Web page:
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BRITISH MEDICAL JOURNAL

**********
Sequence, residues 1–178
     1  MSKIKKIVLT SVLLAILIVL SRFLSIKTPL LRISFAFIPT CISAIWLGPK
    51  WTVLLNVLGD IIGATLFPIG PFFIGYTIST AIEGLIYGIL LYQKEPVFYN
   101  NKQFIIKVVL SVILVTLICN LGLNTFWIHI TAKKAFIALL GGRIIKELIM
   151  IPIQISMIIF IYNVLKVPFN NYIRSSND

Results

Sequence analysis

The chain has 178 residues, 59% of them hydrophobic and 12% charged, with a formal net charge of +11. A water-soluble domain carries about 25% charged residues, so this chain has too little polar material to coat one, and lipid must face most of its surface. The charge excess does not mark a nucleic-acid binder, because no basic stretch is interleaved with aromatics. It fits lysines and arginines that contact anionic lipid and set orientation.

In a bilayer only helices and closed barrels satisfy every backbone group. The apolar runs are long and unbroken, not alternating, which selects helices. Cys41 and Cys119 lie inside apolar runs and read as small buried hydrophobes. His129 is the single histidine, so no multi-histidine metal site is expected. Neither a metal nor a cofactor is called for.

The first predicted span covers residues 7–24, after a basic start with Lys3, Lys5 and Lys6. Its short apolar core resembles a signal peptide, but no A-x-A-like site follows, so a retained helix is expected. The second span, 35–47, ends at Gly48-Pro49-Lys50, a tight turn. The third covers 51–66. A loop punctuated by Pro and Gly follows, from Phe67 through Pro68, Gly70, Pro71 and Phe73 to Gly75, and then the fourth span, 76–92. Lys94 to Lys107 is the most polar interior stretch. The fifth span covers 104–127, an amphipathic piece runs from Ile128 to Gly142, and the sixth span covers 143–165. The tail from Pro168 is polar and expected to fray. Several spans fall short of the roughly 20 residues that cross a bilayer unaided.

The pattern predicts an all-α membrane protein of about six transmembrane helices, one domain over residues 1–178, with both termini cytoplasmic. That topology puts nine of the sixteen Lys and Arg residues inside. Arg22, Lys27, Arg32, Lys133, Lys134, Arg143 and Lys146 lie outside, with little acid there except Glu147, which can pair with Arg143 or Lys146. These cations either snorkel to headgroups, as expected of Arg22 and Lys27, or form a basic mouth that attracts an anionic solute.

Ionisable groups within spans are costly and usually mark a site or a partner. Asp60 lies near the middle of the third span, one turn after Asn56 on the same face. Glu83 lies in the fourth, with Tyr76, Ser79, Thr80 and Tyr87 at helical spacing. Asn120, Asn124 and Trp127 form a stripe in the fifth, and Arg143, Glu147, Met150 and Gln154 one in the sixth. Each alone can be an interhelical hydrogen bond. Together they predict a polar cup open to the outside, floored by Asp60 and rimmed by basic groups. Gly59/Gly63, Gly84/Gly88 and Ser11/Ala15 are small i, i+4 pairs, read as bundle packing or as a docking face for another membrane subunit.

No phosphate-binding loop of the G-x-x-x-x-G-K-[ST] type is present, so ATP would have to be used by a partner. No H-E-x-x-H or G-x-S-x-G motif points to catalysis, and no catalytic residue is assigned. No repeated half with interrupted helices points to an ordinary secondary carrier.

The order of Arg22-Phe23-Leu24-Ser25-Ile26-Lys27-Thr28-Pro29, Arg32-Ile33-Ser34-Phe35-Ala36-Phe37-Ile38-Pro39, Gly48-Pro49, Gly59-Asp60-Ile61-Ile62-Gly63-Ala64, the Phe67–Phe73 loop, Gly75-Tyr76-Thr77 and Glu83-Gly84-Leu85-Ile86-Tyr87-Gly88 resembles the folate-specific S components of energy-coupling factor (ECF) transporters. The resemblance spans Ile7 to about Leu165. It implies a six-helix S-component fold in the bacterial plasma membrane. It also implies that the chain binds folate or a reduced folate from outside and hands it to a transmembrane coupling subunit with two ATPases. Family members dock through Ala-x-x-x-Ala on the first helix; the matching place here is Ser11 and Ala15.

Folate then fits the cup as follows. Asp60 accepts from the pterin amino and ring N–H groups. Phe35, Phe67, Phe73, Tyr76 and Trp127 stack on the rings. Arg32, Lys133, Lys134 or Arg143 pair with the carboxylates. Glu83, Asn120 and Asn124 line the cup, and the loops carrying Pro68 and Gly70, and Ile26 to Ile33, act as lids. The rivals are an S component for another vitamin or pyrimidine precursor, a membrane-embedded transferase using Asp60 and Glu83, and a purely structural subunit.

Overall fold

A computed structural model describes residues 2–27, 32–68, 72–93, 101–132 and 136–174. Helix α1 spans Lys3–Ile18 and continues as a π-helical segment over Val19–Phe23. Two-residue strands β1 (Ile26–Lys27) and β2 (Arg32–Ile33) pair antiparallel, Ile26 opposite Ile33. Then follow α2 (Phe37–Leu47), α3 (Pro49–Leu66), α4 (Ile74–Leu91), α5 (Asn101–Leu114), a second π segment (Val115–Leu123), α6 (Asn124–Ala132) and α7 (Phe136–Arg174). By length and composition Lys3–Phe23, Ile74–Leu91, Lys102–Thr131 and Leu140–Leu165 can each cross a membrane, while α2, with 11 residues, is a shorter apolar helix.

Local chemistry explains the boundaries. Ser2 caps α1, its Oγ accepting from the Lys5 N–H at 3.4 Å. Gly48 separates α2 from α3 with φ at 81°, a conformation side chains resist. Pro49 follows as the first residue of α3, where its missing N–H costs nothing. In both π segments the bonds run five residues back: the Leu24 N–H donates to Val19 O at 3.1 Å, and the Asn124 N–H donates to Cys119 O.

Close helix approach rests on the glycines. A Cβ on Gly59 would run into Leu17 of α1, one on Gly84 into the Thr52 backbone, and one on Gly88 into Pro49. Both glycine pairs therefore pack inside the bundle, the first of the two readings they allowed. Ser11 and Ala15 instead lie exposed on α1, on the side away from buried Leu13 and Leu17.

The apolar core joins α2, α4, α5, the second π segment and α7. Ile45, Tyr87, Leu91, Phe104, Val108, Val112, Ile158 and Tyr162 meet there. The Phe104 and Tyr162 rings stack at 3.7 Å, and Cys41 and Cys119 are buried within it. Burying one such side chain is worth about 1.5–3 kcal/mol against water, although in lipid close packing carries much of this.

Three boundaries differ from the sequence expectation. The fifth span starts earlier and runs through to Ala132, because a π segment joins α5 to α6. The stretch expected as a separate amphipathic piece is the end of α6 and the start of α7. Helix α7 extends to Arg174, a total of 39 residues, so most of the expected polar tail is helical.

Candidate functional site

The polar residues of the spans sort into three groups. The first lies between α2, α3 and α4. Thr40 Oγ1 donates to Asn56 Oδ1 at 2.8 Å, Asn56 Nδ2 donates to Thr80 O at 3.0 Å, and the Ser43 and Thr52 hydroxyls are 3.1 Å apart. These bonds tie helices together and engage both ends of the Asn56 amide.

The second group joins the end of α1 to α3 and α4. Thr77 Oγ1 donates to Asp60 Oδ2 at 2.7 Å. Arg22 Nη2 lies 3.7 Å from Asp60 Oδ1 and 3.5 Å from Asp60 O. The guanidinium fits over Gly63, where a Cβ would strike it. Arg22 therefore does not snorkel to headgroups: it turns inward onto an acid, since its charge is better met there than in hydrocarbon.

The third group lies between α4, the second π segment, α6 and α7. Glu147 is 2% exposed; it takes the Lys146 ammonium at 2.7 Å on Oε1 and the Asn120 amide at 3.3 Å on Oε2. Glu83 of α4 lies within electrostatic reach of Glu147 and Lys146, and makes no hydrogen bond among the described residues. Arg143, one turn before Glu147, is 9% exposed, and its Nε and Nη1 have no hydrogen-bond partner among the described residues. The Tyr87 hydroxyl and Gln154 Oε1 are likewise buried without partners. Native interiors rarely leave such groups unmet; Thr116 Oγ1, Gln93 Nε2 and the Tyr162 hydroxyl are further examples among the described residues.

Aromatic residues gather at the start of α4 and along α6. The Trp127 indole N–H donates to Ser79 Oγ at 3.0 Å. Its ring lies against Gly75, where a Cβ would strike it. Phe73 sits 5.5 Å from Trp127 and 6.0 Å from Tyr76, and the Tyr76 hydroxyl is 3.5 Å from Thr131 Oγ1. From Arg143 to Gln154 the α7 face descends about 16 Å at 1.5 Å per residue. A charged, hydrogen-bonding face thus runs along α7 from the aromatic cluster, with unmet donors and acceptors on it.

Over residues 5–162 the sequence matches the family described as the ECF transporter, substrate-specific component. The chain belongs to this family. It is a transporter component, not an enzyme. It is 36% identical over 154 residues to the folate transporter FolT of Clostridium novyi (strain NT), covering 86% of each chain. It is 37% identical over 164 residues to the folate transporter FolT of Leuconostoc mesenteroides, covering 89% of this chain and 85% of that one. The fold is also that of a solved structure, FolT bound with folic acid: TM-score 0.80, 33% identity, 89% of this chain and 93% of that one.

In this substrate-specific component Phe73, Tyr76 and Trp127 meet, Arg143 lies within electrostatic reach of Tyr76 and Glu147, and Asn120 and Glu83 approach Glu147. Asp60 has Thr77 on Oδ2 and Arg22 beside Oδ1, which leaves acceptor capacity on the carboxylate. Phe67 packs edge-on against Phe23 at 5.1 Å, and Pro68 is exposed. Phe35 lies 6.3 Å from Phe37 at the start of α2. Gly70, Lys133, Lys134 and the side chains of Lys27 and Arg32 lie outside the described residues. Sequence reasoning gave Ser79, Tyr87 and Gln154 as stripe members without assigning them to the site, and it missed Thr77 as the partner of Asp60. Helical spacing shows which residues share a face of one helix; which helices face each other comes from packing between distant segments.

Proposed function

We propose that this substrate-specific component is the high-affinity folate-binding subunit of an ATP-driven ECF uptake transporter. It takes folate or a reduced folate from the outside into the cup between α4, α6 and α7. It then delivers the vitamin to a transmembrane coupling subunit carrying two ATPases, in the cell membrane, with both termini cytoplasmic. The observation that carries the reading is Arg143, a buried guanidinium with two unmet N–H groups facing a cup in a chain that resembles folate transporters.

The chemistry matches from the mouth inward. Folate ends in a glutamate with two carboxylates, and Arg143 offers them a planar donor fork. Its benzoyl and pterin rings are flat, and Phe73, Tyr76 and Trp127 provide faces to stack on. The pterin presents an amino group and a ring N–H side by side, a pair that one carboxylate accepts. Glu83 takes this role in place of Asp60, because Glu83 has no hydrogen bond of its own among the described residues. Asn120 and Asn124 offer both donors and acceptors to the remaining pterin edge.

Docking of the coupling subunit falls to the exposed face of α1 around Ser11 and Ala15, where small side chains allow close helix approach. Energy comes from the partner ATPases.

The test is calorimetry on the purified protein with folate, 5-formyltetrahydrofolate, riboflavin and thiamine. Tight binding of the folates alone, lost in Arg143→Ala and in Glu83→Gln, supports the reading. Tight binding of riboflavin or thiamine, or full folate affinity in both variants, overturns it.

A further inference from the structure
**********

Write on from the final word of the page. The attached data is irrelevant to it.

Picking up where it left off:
difficult to postulate that the patient had a rare oxprenolol, propranolol, or pindololdegenerative disorder of the central nervous 98 ,imol (1-11 mg/100 ml). system, an unexplained defect of calcium A double-blind randomised crossover study metabolism, and a mysterious conjunctivitis. of atenolol and identical placebo tablets in eight subjects with mild essential hypertension GRAHAM HEY and normal serum creatinine levels has now been completed. Renal function was assessed Camberley, Surrey GU15 2NN during the eigth week of each treatment Smith, M J, and Hey, G B, Postgraduate Medical period by a double-isotope, single-injection Journal, 1976, 52, 86. technique using "5Cr-edetic acid clearance Berlyne, G M, and Shaw, A B, Lancet, 1967, 1, 4. for the estimation of glomerular filtration rate2 and 125I-iodohippurate clearance for the estimation of renal blood flow.3 Glomerular An unusual case of cerebrovascular filtration rate and effective renal plasma flow disease were below the normal range during placebo SIR,-I would like to raise a few points in treatment (1-18 ml/s and 7-40 ml/s respectconnection with the recent clinicopathological ively) but did not diminish further to any significant extent on atenolol (1-22 ml/s and conference (17 March, p 727). The first patient presented with amaurosis 7-06 ml/s). Serum urea was significantly fugax, in which it is generally accepted that higher on atenolol6-7 mmol/l (40-36 mg/ embolism plays some part. The carotid 100 ml)-than on placebo-5-6 mmol/l (33-73 angiogram showed an irregularity which mg/100 ml)-but serum creatinine did not could have been a source of platelet emboli. It change. Thus treatment with atenolol would appear is suggested that the stereotyped nature of the attacks makes embolism less likely, but not to cause significant reduction of renal experimental evidence' has shown that emboli function. H J WAAL-MANNING may repeatedly go to the same site, owing P BOLLI perhaps to streaming of blood flow. The report Medical Research Institute, mentions the blood pressure inequality Wellcome of Otago Medical School, between the arms and raises the possibility of University Dunedin, New Zealand subclavian stenosis and "steal," but this is most Waal-Manning, H J, Clinical Pharmacology and unlikely with a pressure difference of only 10 Therapeutics, 1979, 25, 8. 2 mm Hg and no bruits. Bailey, R R, et al, Australasian Annals of Medicine, 1970, 3, 255. Surprise is expressed at the patient's 3 Blaufox, M D, et al, Nephron, 1966, 3, 274. remission while taking only aspirin, but this has well-known antiplatelet effects and is standard treatment for a patient with presumed Peripheral skin necrosis complicating platelet embolisation. Emboli from an athero- beta-blockade matous plaque may range from microemboli to large pieces and it is possible, in view of the SIR,-I was interested in the report by Dr R fact that the vertebral arteries were occluded, Gokal and his colleagues (17 March, p 721) of that one of these caused death by obstructing peripheral skin necrosis complicating betathe blood flow to the brain stem. It would be blocker therapy. I have seen two such patients interesting to have necropsy information about who, like Dr Gokal's patients, had no evidence the circle of Willis and associated arteries. This of large artery disease. is a situation in which surgery to the carotid The first, a 54-year-old man, presented in bifurcation could have been potentially life January 1975, having developed painful red toes saving, as the risk of major embolic complica- within days of starting propranolol, 40 mg thrice tions of such lesions is well known. daily, for hypertension. After three weeks' treatIn addition, since we do not know whether ment he was noted to have an ulcerated little toe antiplatelet drugs protect against stroke in and bounding foot pulses suggestive of small vessel patients who have had transient ischaemic disease. His toe healed and his vascular symptoms attacks, it seems sensible to maintain them on disappeared on his stopping propranolol, and have these relatively safe drugs until trials have not recurred. The second patient, a 66-year-old woman on shown whether or not they are of value. propranolol, 10 mg thrice daily, for angina,